8. Bristow RE, Chang J, Ziogas A, et al. Sociodemographic disparities in advanced ovarian cancer survival and adherence to treatment guidelines. Obstet Gynecol 2015;125:833-842.
 
9. Surveillance, Epidemiology, and End Results Program. Cancer stat facts: ovarian cancer. https://seer.cancer.gov/statfacts/html/ovary.html. Accessed April 5, 2017.
 
10. Erickson BK, Martin JY, Shah MM, et al. Reasons for failure to deliver National Comprehensive Cancer Network (NCCN)-adherent care in the treatment of epithelial ovarian cancer at an NCCN cancer center. Gynecol Oncol 2014;133:142-146.
 
11. Fleming ST, Mackley HB, Camacho F, et al. Clinical, sociodemographic, and service provider determinants of guideline concordant colorectal cancer care for Appalachian residents. J Rural Health 2014;30:27-39.
 
12. Kentucky Cancer Registry. Homepage. https://www.kcr.uky.edu. Accessed February 28, 2017.
 
13. National Comprehensive Cancer Network. NCCN history. https://www.nccn.org/about/history.aspx. Accessed November 16, 2017.
 
14. Goff BA, Matthews BJ, Wynn M, et al. Ovarian cancer: patterns of surgical care across the United States. Gynecol Oncol 2006;103:383-390.
 
15. American College of Obstetricians and Gynecologists. ACOG Practice Bulletin. Management of adnexal masses. Obstet Gynecol 2007;110: 201-214.
 
16. Chan JK, Urban R, Cheung MK, et al. Ovarian cancer in younger vs older women: a population-based analysis. Br J Cancer 2006;95:1314-1320.
 
17. Giede KC, Kieser K, Dodge J, et al. Who should operate on patients with ovarian cancer? An evidence-based review. Gynecol Oncol 2005;99:447-461.
 
18. Joslin CE, Brewer KC, Davis FG, et al. The effect of neighborhood-level socioeconomic status on racial differences in ovarian cancer treatment in a population-based analysis in Chicago. Gynecol Oncol 2014;135:285-291.
 
19. Yao N, Alcalá HE, Anderson R, et al. Cancer disparities in rural Appalachia: incidence, early detection, and survivorship. J Rural Health 2017;33:375-381.
 
20. Ueland FR, DePriest PD, Pavlik EJ, et al. Preoperative differentiation of malignant from benign ovarian tumors: the efficacy of morphology indexing and Doppler flow sonography. Gynecol Oncol 2003;91:46-50.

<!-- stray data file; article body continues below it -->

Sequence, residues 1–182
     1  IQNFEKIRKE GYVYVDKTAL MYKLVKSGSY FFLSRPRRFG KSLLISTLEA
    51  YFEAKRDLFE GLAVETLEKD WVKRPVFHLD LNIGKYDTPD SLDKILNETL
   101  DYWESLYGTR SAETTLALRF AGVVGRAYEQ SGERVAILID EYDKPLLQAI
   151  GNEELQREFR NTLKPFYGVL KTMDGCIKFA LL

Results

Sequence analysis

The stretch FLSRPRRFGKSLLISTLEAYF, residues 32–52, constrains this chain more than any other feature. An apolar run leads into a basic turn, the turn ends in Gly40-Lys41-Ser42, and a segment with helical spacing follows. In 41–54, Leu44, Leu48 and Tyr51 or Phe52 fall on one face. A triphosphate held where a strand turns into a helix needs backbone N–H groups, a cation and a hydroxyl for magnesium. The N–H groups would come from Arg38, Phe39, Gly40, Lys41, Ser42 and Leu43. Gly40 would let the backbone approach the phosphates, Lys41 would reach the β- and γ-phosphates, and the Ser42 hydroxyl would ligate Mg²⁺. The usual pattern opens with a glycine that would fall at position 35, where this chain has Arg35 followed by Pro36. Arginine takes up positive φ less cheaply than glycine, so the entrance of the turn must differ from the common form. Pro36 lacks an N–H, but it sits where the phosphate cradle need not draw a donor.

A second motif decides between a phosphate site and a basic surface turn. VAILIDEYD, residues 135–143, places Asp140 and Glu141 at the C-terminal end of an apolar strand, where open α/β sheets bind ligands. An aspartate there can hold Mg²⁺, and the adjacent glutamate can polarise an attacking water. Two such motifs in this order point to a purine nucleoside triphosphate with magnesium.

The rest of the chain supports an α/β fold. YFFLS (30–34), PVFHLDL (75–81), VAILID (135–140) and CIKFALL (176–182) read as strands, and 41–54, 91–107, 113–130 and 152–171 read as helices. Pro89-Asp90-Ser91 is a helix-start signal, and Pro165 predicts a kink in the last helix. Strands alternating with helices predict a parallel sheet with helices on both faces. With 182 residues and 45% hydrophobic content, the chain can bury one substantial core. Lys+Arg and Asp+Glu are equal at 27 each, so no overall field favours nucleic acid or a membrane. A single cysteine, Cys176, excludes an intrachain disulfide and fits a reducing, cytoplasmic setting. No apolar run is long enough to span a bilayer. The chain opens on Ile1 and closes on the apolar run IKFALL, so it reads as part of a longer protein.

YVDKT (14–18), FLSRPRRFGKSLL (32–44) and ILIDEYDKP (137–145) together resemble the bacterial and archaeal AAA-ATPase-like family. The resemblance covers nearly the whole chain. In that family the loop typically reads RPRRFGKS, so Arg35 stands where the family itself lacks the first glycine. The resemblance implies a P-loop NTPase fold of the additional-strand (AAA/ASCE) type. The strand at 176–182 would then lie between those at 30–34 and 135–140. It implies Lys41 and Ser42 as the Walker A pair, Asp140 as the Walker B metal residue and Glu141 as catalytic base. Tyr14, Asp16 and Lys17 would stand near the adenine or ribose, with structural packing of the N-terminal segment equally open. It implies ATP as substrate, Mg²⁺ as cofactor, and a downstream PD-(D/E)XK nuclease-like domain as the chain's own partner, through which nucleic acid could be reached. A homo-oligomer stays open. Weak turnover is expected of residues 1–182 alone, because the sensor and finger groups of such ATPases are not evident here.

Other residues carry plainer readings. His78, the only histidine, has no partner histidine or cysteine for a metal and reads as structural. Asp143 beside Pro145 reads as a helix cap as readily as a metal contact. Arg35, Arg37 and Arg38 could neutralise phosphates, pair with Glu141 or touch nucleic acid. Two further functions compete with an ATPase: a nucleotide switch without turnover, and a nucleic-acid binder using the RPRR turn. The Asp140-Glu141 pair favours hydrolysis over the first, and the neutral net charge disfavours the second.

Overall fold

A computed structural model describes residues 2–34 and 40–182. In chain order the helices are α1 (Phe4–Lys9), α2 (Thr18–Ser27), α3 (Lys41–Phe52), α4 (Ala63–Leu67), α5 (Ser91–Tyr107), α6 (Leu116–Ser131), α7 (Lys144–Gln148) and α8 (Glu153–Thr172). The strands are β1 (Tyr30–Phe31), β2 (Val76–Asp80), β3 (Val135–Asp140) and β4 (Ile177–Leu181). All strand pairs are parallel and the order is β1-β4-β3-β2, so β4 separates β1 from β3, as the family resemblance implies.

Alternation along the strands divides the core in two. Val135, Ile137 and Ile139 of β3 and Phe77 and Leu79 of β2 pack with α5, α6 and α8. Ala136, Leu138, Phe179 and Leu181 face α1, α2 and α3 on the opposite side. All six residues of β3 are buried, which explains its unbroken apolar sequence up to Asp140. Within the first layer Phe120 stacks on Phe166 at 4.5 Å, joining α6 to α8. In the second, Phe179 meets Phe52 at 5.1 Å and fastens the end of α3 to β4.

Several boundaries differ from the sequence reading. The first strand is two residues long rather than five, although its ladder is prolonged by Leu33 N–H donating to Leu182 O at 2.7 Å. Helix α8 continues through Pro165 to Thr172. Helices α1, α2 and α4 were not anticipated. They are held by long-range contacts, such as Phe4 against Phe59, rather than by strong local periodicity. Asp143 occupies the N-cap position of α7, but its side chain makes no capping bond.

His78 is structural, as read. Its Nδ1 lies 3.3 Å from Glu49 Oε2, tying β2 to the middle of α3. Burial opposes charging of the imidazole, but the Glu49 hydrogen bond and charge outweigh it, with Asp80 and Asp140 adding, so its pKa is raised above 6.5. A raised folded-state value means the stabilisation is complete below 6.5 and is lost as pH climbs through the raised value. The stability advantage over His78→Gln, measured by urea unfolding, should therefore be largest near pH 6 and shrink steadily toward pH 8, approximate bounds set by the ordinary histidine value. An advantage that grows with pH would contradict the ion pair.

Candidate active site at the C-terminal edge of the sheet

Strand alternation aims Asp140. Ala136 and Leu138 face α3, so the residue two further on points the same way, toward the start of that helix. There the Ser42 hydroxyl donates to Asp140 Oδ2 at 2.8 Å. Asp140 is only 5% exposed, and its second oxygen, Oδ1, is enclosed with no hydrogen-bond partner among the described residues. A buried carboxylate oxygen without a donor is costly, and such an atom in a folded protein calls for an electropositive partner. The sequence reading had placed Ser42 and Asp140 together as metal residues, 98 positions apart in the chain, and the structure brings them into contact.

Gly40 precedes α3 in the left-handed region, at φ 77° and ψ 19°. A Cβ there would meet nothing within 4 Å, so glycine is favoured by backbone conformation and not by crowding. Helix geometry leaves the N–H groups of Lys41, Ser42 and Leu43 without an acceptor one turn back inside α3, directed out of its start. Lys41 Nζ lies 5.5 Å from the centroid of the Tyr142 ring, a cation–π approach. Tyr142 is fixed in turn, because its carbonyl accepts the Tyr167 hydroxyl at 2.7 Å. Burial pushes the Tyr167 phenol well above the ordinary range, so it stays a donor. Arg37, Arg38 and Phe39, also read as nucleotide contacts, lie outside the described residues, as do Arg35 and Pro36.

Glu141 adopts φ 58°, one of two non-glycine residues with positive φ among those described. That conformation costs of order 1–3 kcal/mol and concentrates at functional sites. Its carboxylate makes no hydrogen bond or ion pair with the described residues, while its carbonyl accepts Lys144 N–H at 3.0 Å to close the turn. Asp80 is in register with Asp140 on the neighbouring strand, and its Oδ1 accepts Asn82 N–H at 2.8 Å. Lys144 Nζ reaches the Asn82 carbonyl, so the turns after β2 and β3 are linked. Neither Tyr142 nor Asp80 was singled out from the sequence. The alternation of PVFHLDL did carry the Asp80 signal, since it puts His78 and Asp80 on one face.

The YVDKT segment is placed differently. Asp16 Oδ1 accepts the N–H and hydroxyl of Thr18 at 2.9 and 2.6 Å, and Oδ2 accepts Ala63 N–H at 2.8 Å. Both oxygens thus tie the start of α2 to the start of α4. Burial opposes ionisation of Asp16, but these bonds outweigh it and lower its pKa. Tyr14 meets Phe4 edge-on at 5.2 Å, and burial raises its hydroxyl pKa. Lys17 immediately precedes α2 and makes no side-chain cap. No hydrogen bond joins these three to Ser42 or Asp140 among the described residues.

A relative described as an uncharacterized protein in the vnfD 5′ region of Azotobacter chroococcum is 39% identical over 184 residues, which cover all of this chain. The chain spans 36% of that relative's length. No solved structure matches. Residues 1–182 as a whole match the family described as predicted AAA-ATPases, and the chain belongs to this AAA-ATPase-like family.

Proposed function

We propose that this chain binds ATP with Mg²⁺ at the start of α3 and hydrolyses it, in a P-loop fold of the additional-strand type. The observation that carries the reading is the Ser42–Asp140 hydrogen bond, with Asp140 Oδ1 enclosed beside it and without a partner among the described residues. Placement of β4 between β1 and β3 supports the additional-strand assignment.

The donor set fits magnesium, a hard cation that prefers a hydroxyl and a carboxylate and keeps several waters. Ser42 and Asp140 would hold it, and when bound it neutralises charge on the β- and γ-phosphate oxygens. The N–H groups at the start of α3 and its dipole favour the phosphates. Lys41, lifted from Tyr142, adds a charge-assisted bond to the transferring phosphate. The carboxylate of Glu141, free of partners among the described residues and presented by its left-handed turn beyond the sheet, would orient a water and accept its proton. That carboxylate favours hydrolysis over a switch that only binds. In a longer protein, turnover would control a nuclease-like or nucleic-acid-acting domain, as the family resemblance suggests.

21. Timmerman D, Van Calster B, Testa AC, et al. Ovarian cancer prediction in adnexal masses using ultrasound-based logistic regression models: a temporal and external validation study by the IOTA group. Ultrasound Obstet Gynecol 2010;36:226-234.
 
22. Pavlik EJ, Ueland FR, Miller RW, et al. Frequency and disposition of ovarian abnormalities followed with serial transvaginal ultrasonography. Obstet Gynecol 2013;122( 2 Pt 1 ):210-217.
 
23. Elder JW, Pavlik EJ, Long A, et al. Serial ultrasonographic evaluation of ovarian abnormalities with a morphology index. Gynecol Oncol 2014;135:8-12.
 
24. Ueland FR, Desimone CP, Seamon LG, et al. Effectiveness of a multivariate index assay in the preoperative assessment of ovarian tumors. Obstet Gynecol 2011;117:1289-1297.
 
25. Moore RG, Miller MC, Disilvestro P, et al. Evaluation of the diagnostic accuracy of the risk of ovarian malignancy algorithm in women with a pelvic mass. Obstet Gynecol 2011;118( 2 Pt 1 ):280-288.
 
26. Bristow RE, Smith A, Zhang Z, et al. Ovarian malignancy risk stratification of the adnexal mass using a multivariate index assay. Gynecol Oncol 2013;128:252-259.
 
27. Coleman RL, Herzog TJ, Chan DW, et al. Validation of a second-generation multivariate index assay for malignancy risk of adnexal masses. Am J Obstet Gynecol 2016;215:82.e1-82.e11.
 
28. Longoria TC, Ueland FR, Zhang Z, et al. Clinical performance of a multivariate index assay for detecting early-stage ovarian cancer. Am J Obstet Gynecol 2014;210:78.e1-e9.
 
29. Goodrich ST, Bristow RE, Santoso JT, et al. The effect of ovarian imaging on the clinical interpretation of a multivariate index assay. Am J Obstet Gynecol 2014;211:65.e1-65.e11.